At writers conferences and panel events, when I look out at the audience, most of the heads are white or grey, or would be if not for hair dye.  So writing and reading are largely pursuits of the not-so-young.  We have more time, and fewer pressing responsibilities, and if fortunate, greater resources to sustain the habit.  And unlike Olympic-level gymnastics, something you can do until you face-plant into the keyboard. 

I just had a birthday, an occasion once celebrated, now more regrettable, since it marks less potential for repeat performances.  Some say it’s just a number, though these people can still count the numbers off on their hands and feet without losing track. 

As I’ve noted in prior posts, short term memory does not improve with age.  If I need to carry an item from Room A to Room B, I immediately put it in my pocket.  Then it will find its way to the destination, even though I might not remember why it should have gone there in the first place.  Long term memories, on the other hand, become seasoned over time.  Leavened by recurring recollection, burnished through sharing with old friends and family.  These may not be quite accurate – actually, they probably aren’t – but if you’re a storyteller, all the better. 

Ones life becomes a kind of artform of its own, where the rough outlines of events are curated and shaped into reflections both material and inventive, true by Hemingway’s definition, faithful and well aimed.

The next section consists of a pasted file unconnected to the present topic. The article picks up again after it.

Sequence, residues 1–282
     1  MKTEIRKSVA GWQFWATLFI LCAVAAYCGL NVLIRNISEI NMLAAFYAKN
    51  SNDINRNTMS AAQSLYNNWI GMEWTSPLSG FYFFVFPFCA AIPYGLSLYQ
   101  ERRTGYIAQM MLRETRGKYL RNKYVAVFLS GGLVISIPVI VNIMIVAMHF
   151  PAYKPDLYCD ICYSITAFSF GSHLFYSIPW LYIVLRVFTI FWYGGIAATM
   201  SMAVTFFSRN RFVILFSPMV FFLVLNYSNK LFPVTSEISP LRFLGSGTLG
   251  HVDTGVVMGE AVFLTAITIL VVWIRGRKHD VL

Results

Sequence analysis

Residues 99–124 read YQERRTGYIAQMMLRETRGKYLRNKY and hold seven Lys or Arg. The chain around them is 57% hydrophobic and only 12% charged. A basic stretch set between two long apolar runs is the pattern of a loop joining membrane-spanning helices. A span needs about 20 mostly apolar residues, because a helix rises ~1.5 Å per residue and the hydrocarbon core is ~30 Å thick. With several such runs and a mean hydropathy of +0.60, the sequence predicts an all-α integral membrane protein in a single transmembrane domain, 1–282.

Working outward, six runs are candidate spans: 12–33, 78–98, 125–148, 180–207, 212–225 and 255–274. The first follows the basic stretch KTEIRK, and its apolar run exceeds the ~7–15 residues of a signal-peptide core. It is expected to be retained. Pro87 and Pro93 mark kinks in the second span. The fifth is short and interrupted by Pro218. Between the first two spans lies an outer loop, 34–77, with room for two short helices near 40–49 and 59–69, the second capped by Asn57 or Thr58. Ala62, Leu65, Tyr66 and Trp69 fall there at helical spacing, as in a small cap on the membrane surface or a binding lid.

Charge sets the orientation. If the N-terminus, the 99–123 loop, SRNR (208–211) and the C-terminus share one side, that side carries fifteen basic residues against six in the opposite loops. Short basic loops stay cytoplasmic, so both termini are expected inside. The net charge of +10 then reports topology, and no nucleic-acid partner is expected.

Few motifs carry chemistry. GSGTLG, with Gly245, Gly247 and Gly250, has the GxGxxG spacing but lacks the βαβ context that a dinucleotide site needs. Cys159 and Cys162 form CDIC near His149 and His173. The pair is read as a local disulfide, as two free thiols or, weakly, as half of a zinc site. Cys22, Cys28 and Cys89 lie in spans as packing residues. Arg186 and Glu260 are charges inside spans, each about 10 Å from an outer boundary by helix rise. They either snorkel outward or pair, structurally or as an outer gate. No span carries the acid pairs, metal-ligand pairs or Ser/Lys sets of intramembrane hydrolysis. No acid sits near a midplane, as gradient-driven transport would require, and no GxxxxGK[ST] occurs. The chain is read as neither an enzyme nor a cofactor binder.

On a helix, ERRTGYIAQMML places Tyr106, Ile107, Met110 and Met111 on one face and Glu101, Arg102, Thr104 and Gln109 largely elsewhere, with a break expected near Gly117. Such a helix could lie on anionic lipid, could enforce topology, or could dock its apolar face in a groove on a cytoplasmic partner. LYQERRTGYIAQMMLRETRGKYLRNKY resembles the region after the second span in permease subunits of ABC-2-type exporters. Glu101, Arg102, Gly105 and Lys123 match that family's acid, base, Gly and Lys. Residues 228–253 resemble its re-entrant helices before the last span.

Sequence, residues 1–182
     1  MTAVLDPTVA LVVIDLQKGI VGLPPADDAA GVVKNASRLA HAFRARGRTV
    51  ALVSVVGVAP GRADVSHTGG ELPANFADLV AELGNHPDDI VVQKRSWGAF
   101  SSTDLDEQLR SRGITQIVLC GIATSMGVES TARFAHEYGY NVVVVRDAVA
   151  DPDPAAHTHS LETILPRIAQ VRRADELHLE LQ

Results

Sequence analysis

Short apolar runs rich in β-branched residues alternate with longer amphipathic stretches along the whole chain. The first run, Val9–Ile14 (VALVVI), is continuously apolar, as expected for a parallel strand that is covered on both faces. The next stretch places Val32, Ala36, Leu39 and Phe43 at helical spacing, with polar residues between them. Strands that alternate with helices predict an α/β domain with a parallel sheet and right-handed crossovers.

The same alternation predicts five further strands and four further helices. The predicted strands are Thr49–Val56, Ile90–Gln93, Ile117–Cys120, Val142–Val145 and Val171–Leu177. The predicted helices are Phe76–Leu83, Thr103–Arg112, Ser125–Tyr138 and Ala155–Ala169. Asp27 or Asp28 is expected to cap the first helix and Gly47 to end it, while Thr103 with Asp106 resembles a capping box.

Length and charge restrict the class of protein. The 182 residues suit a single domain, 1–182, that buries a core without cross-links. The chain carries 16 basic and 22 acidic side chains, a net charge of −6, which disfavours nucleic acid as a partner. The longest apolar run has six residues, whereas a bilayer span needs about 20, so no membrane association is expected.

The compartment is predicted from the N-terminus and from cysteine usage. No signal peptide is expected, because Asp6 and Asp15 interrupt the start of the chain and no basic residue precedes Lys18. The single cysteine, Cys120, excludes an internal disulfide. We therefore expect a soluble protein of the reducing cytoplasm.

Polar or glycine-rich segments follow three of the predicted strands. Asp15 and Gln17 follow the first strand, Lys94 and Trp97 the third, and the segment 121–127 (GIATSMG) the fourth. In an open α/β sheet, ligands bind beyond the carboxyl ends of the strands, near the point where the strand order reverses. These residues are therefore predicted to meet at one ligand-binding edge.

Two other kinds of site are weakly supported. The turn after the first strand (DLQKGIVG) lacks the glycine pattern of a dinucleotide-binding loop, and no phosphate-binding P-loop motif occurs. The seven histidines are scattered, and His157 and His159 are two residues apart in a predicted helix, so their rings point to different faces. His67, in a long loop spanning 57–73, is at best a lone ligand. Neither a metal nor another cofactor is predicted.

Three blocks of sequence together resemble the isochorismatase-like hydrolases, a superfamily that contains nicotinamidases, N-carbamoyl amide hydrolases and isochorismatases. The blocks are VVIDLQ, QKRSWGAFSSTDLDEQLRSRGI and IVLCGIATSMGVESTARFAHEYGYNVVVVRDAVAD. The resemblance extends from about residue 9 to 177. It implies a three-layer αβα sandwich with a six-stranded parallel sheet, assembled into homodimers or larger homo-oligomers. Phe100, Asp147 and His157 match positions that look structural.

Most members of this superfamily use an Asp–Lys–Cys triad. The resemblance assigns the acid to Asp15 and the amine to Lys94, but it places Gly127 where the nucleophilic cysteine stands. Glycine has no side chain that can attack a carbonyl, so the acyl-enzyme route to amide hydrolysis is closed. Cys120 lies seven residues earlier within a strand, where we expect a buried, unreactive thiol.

1. Always remember, there's no need to make such a fuss about another birthday, because everyone else is another year older, too. Meanwhile, the great advantages of age are you no longer have to give a damn about so many things, from fashion to the latest culture war. Arthritis comes to us all, but so do memories, and polishing those up to a good story is one of my favorite activities of all time.

  2. As someone who (a) will shortly be 90 years old and (b) is gratefully still active, I want to reassure you that much is yet to come for you.

  3. Elizabeth Dearborn08 April, 2024 13:42

    Na zdrowie sto lat! (To your good health for 100 years)

  4. I smiled reading this, Chris. I am just over the senior threshold and really do wonder how many novels I have left in me. As I write number 19, the memory feat just seems daunting. I think my future suggests a lot more short stories to come! And isn't that nice, that we can write both. Melodie

    1. I'm also writing more short stories, which have the advantage of being short. The novels also seem to be appearing, so there's that.

  5. My mother and I debated terms for those beyond a certain age. I felt ‘seniors’ was condescending. She argued ‘grey panthers’ was more so, that it implied old and catty.

    We settled on a phrase from Dickens, ‘Aged P’, meaning aged parent and pronounced ‘EYE-jed pee’. It’s both classy and fun.

    Funny thing is my mother always wanted to be old. In her time, age carried implications of venerability and deep respect. The family matriarch wouldn’t know what to make of today. A village elder doesn’t mean much these days, especially when it takes 25 minutes to figure out where Reddit and Facebook rehomed you current topics and threads.

  6. I was in Ireland recently where they refer to seniors as pensioners, since they all actually have some sort of pension. In a few towns they have privileged parking, I assume with wider spots to accommodate weaker eyesight.